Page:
Chamber annual meeting puts Millenials into focus
The Central Vermont Chamber of Commerce elected a new leadership team Thursday morning, and then gained powerful insights into the attitudes of more distant leaders, the “Millennials” or “NextGen.”
Susan Kruthers of Central Vermont Medical Center was installed as chairwoman of the Chamber board of directors, succeeding Steve Gilman of rbTechnologies after two years at the helm.
Gilman said he enjoyed the opportunity to work for the betterment of the local economy and was pleased the Chamber introduced new recruiting tools, had the highest membership growth since the economic crash, successfully opposed new local option taxes, and continued its support of a regional public safety initiative.
He said a new “shop local” effort involving 90 area businesses has great potential.
The retiring board chairman credited his officers and directors and individually thanked those leaving the board: Tim Ross, Nancy Zorn, Mike Donovan and former board chairman, Robert Lord, Jr.
The membership re-elected Leslie Sanborn to the board, as well as newcomers Curtis Ostler of Norwich University, Byron Atwood of DMS Machining & Fabrication, Gary Hass of The World, and Jim Breer of Better Home Inspections.
Ostler also led the presentation “NextGen: Understanding and engaging new generations of people and technology,” tapping the founder of Local 64, a partner in Cornerstone Pub & Kitchen, and a Norwich cadet lieutenant colonel for additional perspective.
Essentially, those who think today’s youth are in a world all their own are correct, Ostler explained. They have grown up with technology that earlier generations are struggling to understand or are simply ignoring.
The smartphones they carry have access to more information than the FBI did during President Clinton’s administration, and they communicate better worldwide than General Norman Schwarzkopf could during the Gulf War.
Ostler said those born after 1985, the Millennials, are confident, upbeat, self-expressive, open to change and connected — to each other and to the world in ways previous generations could not imagine.
He noted that the Internet and social media have no boundaries. Posted information is immediately available worldwide, instantaneously. The spread of information fuels the pace of change.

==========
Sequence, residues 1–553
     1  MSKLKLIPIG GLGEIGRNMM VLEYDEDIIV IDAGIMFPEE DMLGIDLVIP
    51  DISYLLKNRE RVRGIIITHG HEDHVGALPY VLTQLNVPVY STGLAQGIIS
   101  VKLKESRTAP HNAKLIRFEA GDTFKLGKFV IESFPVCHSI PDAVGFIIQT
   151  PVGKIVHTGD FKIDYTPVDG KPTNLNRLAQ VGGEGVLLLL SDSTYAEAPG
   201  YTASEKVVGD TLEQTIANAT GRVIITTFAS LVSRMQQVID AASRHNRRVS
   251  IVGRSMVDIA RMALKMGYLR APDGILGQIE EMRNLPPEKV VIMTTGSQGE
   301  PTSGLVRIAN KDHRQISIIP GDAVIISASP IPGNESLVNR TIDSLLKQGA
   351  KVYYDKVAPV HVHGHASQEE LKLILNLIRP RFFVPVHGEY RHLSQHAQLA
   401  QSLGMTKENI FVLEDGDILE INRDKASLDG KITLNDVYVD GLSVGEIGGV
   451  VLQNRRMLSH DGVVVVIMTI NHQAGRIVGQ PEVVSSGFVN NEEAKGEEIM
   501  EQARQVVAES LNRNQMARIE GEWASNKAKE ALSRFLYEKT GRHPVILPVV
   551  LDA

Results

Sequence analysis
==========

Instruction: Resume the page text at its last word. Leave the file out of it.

Keith Paxman, co-owner of Cornerstone Pub & Kitchen, posted messages on Facebook describing the soon-to-be business and sharing its logo. It had 1,500 followers before Cornerstone opened its doors.
Reacting to his descriptions of what was to come and expressing their own desires, Facebook friends helped guide the “pub” more heavily toward “restaurant.” The business changed before it even opened, Paxman said.
The pace of social change is also accelerating. A century ago, women couldn’t vote. A few decades ago, women’s basketball was played by different rules than men’s basketball.
Today, women will enter the front lines of combat. Cadet Lt. Colonel Emily Baugus said male officers under her command never questioned her leadership. Captain of the women’s rugby team, Baugus is pursuing a degree in construction engineering management and expects to serve as a helicopter pilot. One of her friends is preparing to pilot fighter jets.
Times have changed. First came the telecommute. Then came “work anywhere.” That has now been followed by “working together independently,” according to Lars Hasselblad Torres, the man behind Local 64, which is a membership-driven co-working space in Montpelier. Hasselblad Torres said “work-at-home” people, independent contractors, and creative spirits need local interaction to exchange ideas, make connections, and share experiences.
That evolution barely spans 20 years. Businesses that don’t connect with Millennials will lose remarkably resourceful employees and will fail to reach a huge and growing customer base.
Operating without using the Web or social media is like running a business without a telephone.
“If you will not, or cannot [utilize new technologies], hire someone who can!” Ostler said.
The presentation was extremely well received by more than 120 business and community leaders attending the meeting at the Capitol Plaza Hotel & Conference Center. Ostler and his co-presenters graciously remained following the meeting, taking individual questions for an additional 20 minutes.
George Malek is executive director of the Central Vermont Chamber of Commerce.